The letter of St Jude, vv3-4, 17-19 struck a sympathetic chord in my heart this evening, in fitting the reality as I saw it.
But of course, I may be entirely wrong, and value your blog postings enormously. Thank you for them.

Jacobi said...

Regarding your last para Father, rest assured they will be back having learned their lesson.

And we, Catholics, must be ready - this time!

Melinda said...

Woody, it looks as if Burke's transfer is more or less confirmed now.

asdfgh said...

Maybe this is good. With errors like these coming to public light, maybe more and more Catholics will see what the Church is becoming/has become, and will stop being complacent about their faith. My anger with some of the recent issues has made me look deeper at where as a simple layman Ive failed to live up to Catholic standards, and how I can improve, and help the Church improve.

Highland Cathedral said...

What exactly was it all about? We saw one group trying to change Church teaching (under the disguise of being merciful and pastoral) and another group being successful in defending Church teaching. Is the Church any further on in any meaningful way? Has there been some outcome which would not have been achieved if there had been no Synod?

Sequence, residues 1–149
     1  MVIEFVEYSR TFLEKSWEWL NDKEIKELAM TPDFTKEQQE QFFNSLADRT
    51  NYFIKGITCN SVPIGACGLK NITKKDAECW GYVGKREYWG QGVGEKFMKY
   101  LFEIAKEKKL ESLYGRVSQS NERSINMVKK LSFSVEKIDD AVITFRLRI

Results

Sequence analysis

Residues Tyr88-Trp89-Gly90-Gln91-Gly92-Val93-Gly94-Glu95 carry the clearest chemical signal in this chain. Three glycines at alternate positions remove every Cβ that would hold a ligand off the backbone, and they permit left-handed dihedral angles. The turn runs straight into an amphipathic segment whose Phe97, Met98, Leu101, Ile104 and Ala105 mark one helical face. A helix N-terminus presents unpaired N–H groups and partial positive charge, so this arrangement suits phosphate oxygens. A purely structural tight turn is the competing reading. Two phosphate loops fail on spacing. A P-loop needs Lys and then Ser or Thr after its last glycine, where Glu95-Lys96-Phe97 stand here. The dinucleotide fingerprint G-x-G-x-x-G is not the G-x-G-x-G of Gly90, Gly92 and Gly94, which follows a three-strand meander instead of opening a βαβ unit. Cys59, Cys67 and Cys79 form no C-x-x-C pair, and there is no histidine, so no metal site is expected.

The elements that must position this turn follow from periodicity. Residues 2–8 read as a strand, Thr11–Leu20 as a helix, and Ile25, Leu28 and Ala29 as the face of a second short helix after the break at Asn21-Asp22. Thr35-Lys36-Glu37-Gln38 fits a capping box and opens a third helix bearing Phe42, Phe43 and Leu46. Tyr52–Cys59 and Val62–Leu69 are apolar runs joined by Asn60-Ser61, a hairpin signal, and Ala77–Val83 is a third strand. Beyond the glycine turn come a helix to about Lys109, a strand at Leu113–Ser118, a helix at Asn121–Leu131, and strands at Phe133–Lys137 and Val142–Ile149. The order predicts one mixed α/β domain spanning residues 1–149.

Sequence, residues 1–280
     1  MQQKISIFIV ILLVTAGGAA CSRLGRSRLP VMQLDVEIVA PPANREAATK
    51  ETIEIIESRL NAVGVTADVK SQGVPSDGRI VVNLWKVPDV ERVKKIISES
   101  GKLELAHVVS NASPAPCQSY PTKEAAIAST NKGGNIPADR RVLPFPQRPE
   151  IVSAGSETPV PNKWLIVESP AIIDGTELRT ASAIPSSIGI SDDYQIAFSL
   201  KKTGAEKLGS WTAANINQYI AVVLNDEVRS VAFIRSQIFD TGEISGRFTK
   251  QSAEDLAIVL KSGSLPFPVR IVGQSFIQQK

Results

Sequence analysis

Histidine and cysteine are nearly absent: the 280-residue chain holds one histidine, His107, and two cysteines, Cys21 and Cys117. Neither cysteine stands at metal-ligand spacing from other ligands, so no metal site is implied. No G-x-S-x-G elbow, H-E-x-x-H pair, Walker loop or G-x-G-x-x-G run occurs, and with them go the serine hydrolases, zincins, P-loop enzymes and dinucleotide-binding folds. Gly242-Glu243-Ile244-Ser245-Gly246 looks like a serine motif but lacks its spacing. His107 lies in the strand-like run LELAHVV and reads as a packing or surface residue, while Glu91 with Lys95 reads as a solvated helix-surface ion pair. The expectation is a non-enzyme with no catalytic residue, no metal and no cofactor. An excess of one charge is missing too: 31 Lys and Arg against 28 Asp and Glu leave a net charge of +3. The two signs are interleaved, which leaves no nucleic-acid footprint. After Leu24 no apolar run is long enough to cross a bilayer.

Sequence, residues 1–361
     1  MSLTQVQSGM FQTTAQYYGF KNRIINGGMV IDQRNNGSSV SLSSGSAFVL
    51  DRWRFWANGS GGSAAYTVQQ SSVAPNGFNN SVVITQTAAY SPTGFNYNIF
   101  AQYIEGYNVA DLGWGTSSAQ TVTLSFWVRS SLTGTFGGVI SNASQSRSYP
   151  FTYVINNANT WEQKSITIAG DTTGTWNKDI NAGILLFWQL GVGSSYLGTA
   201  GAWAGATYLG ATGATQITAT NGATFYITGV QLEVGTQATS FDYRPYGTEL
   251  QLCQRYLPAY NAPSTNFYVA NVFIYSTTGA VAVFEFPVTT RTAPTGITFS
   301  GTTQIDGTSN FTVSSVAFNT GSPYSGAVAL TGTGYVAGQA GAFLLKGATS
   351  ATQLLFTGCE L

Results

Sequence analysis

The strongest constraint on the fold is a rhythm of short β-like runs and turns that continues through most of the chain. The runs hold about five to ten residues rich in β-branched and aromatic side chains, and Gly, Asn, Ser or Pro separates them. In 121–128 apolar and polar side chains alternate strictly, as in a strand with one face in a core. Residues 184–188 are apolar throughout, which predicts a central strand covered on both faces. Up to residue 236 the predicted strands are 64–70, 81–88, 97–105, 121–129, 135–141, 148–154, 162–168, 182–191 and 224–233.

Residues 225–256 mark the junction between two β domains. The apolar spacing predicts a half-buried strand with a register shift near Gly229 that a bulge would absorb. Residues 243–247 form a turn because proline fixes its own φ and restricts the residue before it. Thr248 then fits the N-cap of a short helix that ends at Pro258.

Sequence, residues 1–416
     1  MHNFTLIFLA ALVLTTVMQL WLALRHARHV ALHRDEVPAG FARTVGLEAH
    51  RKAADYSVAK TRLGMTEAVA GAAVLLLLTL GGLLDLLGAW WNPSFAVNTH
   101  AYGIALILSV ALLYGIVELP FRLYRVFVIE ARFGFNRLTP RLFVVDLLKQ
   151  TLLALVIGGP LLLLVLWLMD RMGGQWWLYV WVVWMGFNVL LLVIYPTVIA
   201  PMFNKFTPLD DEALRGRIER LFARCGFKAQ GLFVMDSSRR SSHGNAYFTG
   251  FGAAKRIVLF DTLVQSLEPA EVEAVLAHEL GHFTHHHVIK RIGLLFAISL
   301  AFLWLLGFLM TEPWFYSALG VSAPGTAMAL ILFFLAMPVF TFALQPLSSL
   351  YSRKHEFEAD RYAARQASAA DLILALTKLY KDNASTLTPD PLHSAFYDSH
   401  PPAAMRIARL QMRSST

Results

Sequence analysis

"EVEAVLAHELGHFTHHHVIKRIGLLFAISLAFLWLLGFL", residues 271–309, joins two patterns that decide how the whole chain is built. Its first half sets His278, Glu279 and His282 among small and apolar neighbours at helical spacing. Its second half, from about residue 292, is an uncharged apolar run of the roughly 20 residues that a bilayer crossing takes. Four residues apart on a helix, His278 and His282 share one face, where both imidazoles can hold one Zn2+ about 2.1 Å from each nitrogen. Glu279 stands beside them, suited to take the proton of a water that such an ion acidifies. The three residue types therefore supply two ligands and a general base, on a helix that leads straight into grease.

William said...

Highland Cathedral: I would suggest there have been at least three outcomes which might not otherwise have been achieved:
1. The attempts to alter the Church's unchanging teaching on sexual and marital ethics – attempts which did not start with this Synod but have been going on for a long time – have been exposed to the light, met head on and firmly rebuffed by a clear majority of the Synod Fathers.
2. We now know, with far greater clarity than before, who are the key figures in promoting a heterodox agenda – and who can be relied on to stand up for orthodoxy no matter what the cost to themselves.
3. We also know that the voices of orthodoxy are both more numerous and more potentially influential than we had previously been led to believe or allowed ourselves to suppose.

I do not, of course, suggest that any of these were among the intended outcomes!